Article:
Woman (47) murdered her friend by beating 50 times with claw hammer in Co Derry flat

The court heard negative comments about her parents and background had "triggered the attack”.

Ludmila Poletelova

Ashleigh McDonaldBelfast Telegraph

Details of a "gratuitous and frenzied" attack which claimed the life of a 61-year-old Latvian national were heard in court today.

Ludmila Poletelova was struck in the head 50 times with a claw hammer by her friend.

Belfast Crown Court was told Ms Poletelova's remains were discovered in the living room of her flat at Lodge Court in Limavady in April 2021.

Following this, her friend and fellow Latvian woman Svetlana Svedova (47) was arrested.

Despite her initial denials, Svedova, with an address at College Court in Limavady, admitted battering her friend to death with the hammer and pleaded guilty to a charge of murder last December.

She has been told she will serve a life sentence.

After listening to submissions from the Crown and defence, Mr Justice O'Hara said he wanted time to reflect, adding he would set the tariff next Thursday.

This will be the minimum term Svedova will serve in prison before she is considered eligible for release by parole commissioners.

Prosecuting barrister Mark Farrell outlined that Ms Poletelova had been living and working in Northern Ireland for 12 years before she was murdered.

Describing the mother-of-two as a "quiet lady who kept herself to herself", Mr Farrell said that when Svedova arrived in Limavady in 2020, the victim supported her financially and helped her to settle in.

In April 2021, both were working in a local wine bar. On the 22nd, Ms Poletelova failed to turn up for her shift.

As this was unusual, her boss asked a friend to call at her flat. When they arrived, they noticed that her front door was ajar.

Ms Poletelova was found lying face down in the living room with substantial wounds to her head.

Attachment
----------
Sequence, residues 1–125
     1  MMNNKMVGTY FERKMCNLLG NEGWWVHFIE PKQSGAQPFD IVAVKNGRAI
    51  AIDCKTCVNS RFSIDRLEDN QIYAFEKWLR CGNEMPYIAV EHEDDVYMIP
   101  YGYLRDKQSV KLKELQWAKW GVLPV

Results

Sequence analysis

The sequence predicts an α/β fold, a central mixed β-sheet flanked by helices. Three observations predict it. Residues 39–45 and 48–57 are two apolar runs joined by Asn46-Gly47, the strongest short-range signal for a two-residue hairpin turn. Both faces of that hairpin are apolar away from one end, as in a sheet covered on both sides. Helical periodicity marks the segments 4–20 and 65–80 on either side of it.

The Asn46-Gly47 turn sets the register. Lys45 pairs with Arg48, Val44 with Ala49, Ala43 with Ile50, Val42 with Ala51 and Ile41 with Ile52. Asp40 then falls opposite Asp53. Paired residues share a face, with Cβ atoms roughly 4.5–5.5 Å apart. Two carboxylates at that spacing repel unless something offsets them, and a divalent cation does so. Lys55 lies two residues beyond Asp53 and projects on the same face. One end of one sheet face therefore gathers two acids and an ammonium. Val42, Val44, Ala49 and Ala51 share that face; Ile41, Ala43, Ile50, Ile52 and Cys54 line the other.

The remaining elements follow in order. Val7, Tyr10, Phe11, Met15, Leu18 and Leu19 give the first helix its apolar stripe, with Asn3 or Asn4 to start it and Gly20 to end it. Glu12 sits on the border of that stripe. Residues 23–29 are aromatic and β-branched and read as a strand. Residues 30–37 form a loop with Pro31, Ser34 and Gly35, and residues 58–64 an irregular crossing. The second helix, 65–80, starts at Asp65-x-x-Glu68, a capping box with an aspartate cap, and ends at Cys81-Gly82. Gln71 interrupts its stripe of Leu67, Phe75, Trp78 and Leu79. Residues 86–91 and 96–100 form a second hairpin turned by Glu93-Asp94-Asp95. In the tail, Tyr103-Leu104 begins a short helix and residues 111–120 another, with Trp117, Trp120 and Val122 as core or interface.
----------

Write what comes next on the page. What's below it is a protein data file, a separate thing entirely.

Emergency services were called, but she was pronounced dead at 1pm.

A post-mortem examination concluded she died from blunt force trauma caused by “in excess of 50 blows to the head and skull area”.

The pathologist also noted a fractured eye socket and defensive wounds to her wrist and hands.

A murder investigation was launched and police viewed CCTV from in and around the Lodge Court area. Footage captured Svedova arriving at her friend's flat at around noon on April 20 and leaving again just before midnight.

Footage also showed Svedova carrying two bags, one of which she placed in a bin in Irish Street.

Mr Farrell said: "It's the prosecution's belief that this was the disposal of the murder weapon, which we assert was a claw hammer."

On April 21, Svedova took a taxi to a local rental property agency and paid £520 cash for rent arrears. When Ms Poletelova failed to turn up for her shift at the wine bar the following day, Svedova filled in.

Noticing Svedova had injuries on her arms and was asking people in work if she was being blamed for Ms Poletelova's death, their boss contacted the PSNI.

She was arrested at her workplace on suspicion of murder on April 25 and during questioning admitted she had been at Ms Poletelova's flat that on the 20th.

However, she claimed that when she left, Ms Poletelova was “alive and well”.

In a pre-prepared statement to police, Svedova said she and the deceased were friends, that Ms Poletelova often loaned her money which she paid back and that on the 20th they had been drinking together, but denied attacking her with a claw hammer.

However, the mother-of-one subsequently admitted the murder.

Mr Farrell spoke of the "repeated, gratuitous and frenzied nature” of the attack.

When asked by Mr Justice O'Hara if robbery could have been the motive, given that Svedova paid cash to the rental company after the murder, Mr Farrell said this could not be proven by the Crown.

This issue was addressed by defence barrister Alan Kane KC, who said Svedova claimed the cash had been given to her by her son.

Branding the victim as a "quiet and kindly soul" who offered support to Svedova when she arrived in Limavady, Mr Kane said his client "has expressed, through me, her deepest remorse for her conduct”.

Mr Kane said it was Svedova's case that while the pair were drinking on the Tuesday afternoon, Ms Poletelova made negative comments about her parents and background which "triggered the attack”.

Mr Justice O'Hara said that as Svedova had failed to previously mention this, he wasn't obliged to accept that claim.

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